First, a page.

HONG KONG - Tensions flared between Hong Kong protesters and police Monday, September 28, evening as crowds gathered a year to the day after the start of huge pro-democracy rallies which brought parts of the city to a standstill.
All day crowds had numbered just a few hundred, a reflection of the movement's loss of momentum after failing to push Beijing into allowing fully free leadership elections in the semi-autonomous Chinese city.
But as 5:58 pm (09:58 GMT) neared - the exact time a year ago when police fired tear gas at protesters - hundreds more poured in to the roads and walkways near government headquarters in the Admiralty financial district.
Instead of a planned moment of silence, protesters opened yellow umbrellas - symbol of the pro-democracy movement - while police warned them to back down, saying they would "use force" if they tried to occupy the nearby main road.
Hundreds of angry demonstrators shouting "Open the roads!" faced off with tense police for more than an hour at the edge of the main road before the crowds dispersed voluntarily.
At the height of the 2014 protests, which lasted for 79 days, tens of thousands regularly gathered to demand political reform in a major challenge to China's communist rulers.
Yet despite the unprecedented rallies which garnered extensive coverage across the world, protesters were unable to force change.
Frustrated activists now say they must regroup and come up with new strategies, conceding that changing the minds of Beijing and the Hong Kong government is currently a hopeless task.
Protest leaders on Monday encouraged the crowd to fight on.
"The authorities will still be against us but that doesn't mean we will give up," said student leader Lester Shum.
Occupy Central co-founder Benny Tai called 2014 "one of the most important years in Hong Kong history."
"The Umbrella Movement...was just the beginning for Hongkongers in their quest for democracy," he said.
Lack of progress
Some protesters expressed anger at the lack of progress.
"We have not achieved universal suffrage," a woman in her 30s, who gave her name as Lam, told Agence France-Presse (AFP).
"Society is not geared to helping Hongkongers."
Others relaxed in the sun and browsed stalls of Umbrella Movement memorabilia.
One couple posed for pre-wedding photos, the bride-to-be in a strapless white wedding dress with a construction helmet - often worn during the rallies.
Dozens of pro-Beijing supporters also marched in central Hong Kong on Monday afternoon, shouting "Hong Kong people have had enough!" They accuse democracy activists of disrupting daily life.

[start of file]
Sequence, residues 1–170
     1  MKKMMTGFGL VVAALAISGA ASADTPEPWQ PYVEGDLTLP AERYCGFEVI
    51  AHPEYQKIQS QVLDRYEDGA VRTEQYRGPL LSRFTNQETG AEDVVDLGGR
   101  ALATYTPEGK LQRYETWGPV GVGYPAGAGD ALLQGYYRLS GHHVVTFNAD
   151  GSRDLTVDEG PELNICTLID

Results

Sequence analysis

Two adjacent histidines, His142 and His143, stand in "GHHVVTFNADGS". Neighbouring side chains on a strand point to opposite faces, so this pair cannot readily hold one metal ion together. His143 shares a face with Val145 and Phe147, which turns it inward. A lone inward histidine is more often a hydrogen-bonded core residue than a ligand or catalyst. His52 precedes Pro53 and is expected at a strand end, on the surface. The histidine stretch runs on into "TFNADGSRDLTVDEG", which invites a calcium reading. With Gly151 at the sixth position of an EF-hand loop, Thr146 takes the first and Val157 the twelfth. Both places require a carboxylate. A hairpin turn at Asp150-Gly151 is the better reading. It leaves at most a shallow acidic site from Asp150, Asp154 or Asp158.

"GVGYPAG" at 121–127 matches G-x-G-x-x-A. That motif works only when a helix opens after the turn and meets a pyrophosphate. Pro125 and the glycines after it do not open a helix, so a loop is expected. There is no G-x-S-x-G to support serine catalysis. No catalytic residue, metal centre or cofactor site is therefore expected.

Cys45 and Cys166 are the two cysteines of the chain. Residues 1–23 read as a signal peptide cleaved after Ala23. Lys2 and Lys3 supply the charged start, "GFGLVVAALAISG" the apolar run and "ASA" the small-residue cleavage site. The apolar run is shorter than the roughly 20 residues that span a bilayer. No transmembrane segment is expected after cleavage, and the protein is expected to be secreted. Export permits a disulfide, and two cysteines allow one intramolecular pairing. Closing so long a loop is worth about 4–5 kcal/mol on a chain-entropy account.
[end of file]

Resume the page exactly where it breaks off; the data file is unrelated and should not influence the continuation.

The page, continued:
Occupy Central was launched exactly a year ago, calling for fully free leadership elections, following more than a week of student protests.
Thousands joined the already large crowds after police fired tear gas in the afternoon of September 28 last year, a move that shocked the public and galvanised the Umbrella Movement - named after the umbrellas used to ward off sun, rain, tear gas and pepper spray.
The protests began after China's central government said it would allow a popular vote for Hong Kong's leader in 2017. But it insisted candidates must be vetted, in what critics termed "fake democracy."
The electoral package was voted down in June by pro-democracy lawmakers unhappy with the restrictions, leaving the territory with its existing system where the leader is chosen by a pro-Beijing election committee.
Hong Kong has been governed under a "one country, two systems" arrangement since it was handed back to China by Britain in 1997.
It allows far greater civil liberties than on the Chinese mainland, but there are growing fears those freedoms are being eroded.
Amnesty International called Monday for Beijing to release eight mainland activists detained for supporting last year's protests.
Human Rights Watch last week called for an "independent and thorough investigation" into the Hong Kong government's handling of the Umbrella Movement.
A number of activists are facing court cases over the protests while police allegedly involved in beating a protester have yet to be prosecuted. - Rappler.com